Early this year in Bundelkhand, I met villagers enduring the lethal assault of three recurring years of drought, mounted on the back of chronic agrarian distress. People were eating only one meal a day, and that too often a single coarse roti mixed with bitter wild leaves that killed hunger. Entire villages had emptied out, as there was no work, water or food. People fled with their children in search of any work on any terms to the cities. Back in the village, old people and cattle were left behind to fend for themselves.
The response of both the central and state governments to both drought and the agrarian crisis lacked urgency, compassion and administrative acumen. But it is remarkable how these failures are not issues for public discussions in rallies and speeches in the run-up to the elections in Uttar Pradesh.
The fact that UP is just ahead of Bihar among large states in its dismal record of human development does not find mention in the election priorities of the state. Large hoardings celebrating India’s display of military muscularity with “surgical strikes” are instead touted as the ruling party’s crowning achievement.
Discussions on street-corners and TV screens assume that the UP voter will vote based on either age-old solidarities of caste and religious identity, or on surcharged hyper-sentiment — nationalist or communal. A few discussions suggest that concerns of social justice might also weigh with segments of voters. But they all assume that voters will not evaluate competing parties based on what they will contribute to tangibly improve the lives of millions of impoverished people.
I am struck by how peripheral these questions of dignified survival of the poor, and of humane and just governance are in the UP election campaign. Maybe, the pundits are underestimating the political astuteness of the ordinary voter, in the way that they did fatally in the landmark elections in Bihar last winter.
It is evident that the BJP offers little to the voter beyond its divisive sentiment. This worked handsomely to its favour during the 2014 Lok Sabha elections; but will it once again forge alliances between high, middle and low-caste Hindus against the Muslims? The Muslim has been constructed in the political discourse of the BJP and RSS into the dangerous “other”. Sentiments are mobilised against them in the name of cow protection, reverence for Ram, charges of love jihad and sexual harassment by Muslim boys, and Muslim personal law.
A climate of fear and dread has been fostered among Muslims across UP, as in much of India, with almost daily reports of local attacks on Muslims. The fate of Mohammed Ikhlaq and his family have come to symbolise for Muslims the insecurity and injustice of their lives.
The National Human Rights Commission (NHRC) for the first time since it was constituted issued an openly communal report that repeated the false rumours that had been raised by BJP MP Hukum Singh. These were about the “exodus” of Hindus from Kairana after people displaced by the communal killings of 2013 in Muzaffarnagar and Shamli settled in this Muslim-majority township. The report said that Muslim youth “pass lewd/taunting remarks” against Hindu women, although there is not even a single complaint in the police station, again echoing the RSS demonisation of Muslim men as sexual predators. This report is being quoted by the Union home minister Rajnath Singh in the trail of the UP “parivatan” trail.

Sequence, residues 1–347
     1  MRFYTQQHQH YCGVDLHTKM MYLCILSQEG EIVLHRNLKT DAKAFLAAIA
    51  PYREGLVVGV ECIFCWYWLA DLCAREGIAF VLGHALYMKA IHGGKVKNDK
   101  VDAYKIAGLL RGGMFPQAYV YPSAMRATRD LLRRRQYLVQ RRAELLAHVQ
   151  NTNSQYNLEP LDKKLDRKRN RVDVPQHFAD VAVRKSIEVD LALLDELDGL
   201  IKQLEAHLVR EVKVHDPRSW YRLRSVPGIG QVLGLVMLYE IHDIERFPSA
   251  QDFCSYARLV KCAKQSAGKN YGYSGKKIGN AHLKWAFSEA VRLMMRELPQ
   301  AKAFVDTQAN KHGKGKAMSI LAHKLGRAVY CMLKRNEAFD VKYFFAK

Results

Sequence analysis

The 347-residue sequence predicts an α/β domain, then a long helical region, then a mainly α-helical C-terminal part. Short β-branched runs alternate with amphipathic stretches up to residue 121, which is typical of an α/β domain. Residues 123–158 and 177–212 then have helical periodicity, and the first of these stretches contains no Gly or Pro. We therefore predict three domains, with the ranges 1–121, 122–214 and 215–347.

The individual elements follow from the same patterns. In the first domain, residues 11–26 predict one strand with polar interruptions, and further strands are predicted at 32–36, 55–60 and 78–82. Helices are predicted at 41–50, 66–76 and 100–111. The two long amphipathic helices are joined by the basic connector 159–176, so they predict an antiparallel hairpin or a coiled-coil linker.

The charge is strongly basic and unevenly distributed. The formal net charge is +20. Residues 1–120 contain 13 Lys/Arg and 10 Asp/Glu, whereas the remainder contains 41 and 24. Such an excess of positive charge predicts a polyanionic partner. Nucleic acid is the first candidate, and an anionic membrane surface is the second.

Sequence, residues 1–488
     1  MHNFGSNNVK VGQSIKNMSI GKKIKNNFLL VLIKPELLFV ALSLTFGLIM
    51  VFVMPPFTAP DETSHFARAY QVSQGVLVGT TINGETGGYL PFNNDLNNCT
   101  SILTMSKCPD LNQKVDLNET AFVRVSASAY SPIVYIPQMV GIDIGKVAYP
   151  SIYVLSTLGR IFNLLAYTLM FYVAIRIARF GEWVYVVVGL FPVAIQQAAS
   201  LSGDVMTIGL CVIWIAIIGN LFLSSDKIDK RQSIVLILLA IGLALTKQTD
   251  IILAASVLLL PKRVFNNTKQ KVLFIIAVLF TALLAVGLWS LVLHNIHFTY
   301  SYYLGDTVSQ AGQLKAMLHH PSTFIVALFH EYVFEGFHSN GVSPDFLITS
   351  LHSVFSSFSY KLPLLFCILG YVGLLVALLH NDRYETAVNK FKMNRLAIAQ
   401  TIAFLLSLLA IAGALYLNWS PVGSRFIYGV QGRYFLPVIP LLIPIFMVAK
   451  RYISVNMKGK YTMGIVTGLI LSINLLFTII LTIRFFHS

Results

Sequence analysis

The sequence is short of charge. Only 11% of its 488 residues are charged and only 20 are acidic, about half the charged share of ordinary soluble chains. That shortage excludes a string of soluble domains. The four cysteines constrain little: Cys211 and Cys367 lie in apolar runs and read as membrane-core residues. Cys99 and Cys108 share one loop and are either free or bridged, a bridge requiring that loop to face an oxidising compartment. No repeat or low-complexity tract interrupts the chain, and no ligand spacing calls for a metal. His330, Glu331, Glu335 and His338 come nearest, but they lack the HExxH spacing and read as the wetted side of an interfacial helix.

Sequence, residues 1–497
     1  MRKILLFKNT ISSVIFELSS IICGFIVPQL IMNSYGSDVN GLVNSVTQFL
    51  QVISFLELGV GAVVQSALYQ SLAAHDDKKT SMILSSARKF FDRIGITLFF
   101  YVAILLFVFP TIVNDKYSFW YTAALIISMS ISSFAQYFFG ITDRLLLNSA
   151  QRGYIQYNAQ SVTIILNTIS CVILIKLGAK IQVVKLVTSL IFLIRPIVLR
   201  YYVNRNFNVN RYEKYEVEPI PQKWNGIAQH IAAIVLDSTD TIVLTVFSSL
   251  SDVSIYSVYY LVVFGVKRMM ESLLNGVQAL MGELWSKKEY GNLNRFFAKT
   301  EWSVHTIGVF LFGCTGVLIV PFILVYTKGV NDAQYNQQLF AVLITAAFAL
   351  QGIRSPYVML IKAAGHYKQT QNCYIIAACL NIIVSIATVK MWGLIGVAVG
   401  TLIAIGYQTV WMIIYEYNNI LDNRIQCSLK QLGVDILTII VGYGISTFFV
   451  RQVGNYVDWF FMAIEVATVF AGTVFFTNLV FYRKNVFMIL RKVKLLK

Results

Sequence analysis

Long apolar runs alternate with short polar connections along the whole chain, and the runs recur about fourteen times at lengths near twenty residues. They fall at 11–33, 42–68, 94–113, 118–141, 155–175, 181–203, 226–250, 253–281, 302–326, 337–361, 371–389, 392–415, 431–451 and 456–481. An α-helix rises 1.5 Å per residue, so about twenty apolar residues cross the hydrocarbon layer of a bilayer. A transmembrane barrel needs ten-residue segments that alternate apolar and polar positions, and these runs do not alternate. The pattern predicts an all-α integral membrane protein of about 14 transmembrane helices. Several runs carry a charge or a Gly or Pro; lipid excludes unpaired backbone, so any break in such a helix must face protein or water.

In “Living Apart: Communal Violence and Forced Displacement in Muzaffarnagar and Shamli”, a report by Akram Chaudhary, Zafar Eqbal and Rajanya Bose and this author, we document the travails of 50,000 Muslims, of who 30,000 are living in self-settled refugee colonies including Kairana. Significantly, the suffering of people displaced by communal violence was not a matter of any concern for the NHRC. Instead they are portrayed as the danger to the rest of us.
The just cause of ending the practice of triple talaq in the Muslim personal law is also stained by the timing and selectivity of the initiative. If the purpose was to promote gender justice, then the initiative would carry credibility only if the Centre addressed simultaneously personal laws that are unfair to women in other religious traditions.
In much of the communal targeting of Muslims, the Samajwadi Party-led state government is complicit. Whether this is deliberate, in order to benefit from the resulting communal polarisation, or is only the outcome of shocking ineptitude, is hard to confirm. But either of these makes the SP unfit for governance. Rahul Gandhi has tried to raise some issues relevant to farmers and Dalits in his rallies, but his efforts are not backed by credible evidence of sustained ground-level Congress engagement with issues of social and economic justice or reversing the agrarian distress.
That only leaves the Mayawati-led BSP. In her public addresses, she has called for the coming together of Dalits and Muslims. This would require her to win the trust of Muslim voters. How Dalits choose at the ballot will be the single-most critical factor for determining the outcome of the elections. Do they share the mounting anger of Dalits against the BJP-RSS combine in many other parts of India? Can Dalits and Muslims cement a new social alliance? The answers to these questions will decide if Mayawati can form the next government in Lucknow.
Harsh Mander is author, Looking Away: Inequality, Prejudice and Indifference in New India
The views expressed are personal